Senate confirms Jerome Powell to another term as Federal Reserve chair

The U.S. Senate on Thursday voted to confirm Jerome Powell to another term as Federal Reserve chairman in a bipartisan vote of 80-19, as the Washington Examiner reports.

Powell’s confirmation marks a continuation of the Republican central banker’s initial tenure in the role, which began during the administration of former President Donald Trump, and though his first stint on the job expired earlier this year, he has served on an interim basis ever since.

The news of the Senate vote comes as soaring inflation continues to endanger the financial security of millions of Americans, something of which President Joe Biden took note when lauding the decision to confirm Powell once more, as CBS News noted.

“I have made it clear that tacking inflation is my top domestic priority. So I am pleased to see the Senate take a step forward on my agenda to get inflation under control by confirming my nominees to the Fed,” Biden said.

Later on the same day he was re-confirmed by the Senate, Powell issued some sober words of warning about the central bank’s ability to prevent a recession, as the Associated Press reported.

Over the last several weeks, Powell has suggested that interest rate hikes were not inconsistent with the desire to achieve an economic “soft landing,” in that the Fed would attempt to tighten the cost of borrowing money just enough to slow inflation, but without taking the sort of drastic steps that could provoke recession.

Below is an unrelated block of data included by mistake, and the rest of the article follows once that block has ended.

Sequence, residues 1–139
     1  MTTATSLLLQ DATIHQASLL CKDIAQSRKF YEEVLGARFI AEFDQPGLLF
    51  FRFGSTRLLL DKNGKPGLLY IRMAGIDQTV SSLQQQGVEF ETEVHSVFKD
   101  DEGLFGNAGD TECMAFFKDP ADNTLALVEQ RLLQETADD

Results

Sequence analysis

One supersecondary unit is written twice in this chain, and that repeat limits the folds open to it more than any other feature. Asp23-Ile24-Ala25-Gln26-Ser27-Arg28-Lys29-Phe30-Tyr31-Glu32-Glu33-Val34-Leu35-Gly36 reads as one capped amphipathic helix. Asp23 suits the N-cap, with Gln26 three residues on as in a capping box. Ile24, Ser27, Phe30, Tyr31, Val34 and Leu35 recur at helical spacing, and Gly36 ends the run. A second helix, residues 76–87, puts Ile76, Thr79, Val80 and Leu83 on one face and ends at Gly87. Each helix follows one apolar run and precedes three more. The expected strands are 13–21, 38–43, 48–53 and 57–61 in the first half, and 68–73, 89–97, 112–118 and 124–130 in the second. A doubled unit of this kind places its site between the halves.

However, during an interview on NPR, Powell admitted that such a strategy could ultimately be undermined by economic circumstances currently unfolding in China and Europe.

“The question whether we can execute a soft landing or not – it may actually depend on factors that we don’t control,” Powell stated. “There are huge events, geopolitical events going on around the world, that are going to play a very important role in the economy in the next year or so.”

Powell further noted that the Fed was not necessarily averse to a substantial hike of its benchmark rate – upwards of three-quarters of a point – if inflation remains high over the next few months, yet another indication that the Biden economy has faltered so badly that unpopular course corrections considered to be off the table just days ago are now looking like very real possibilities.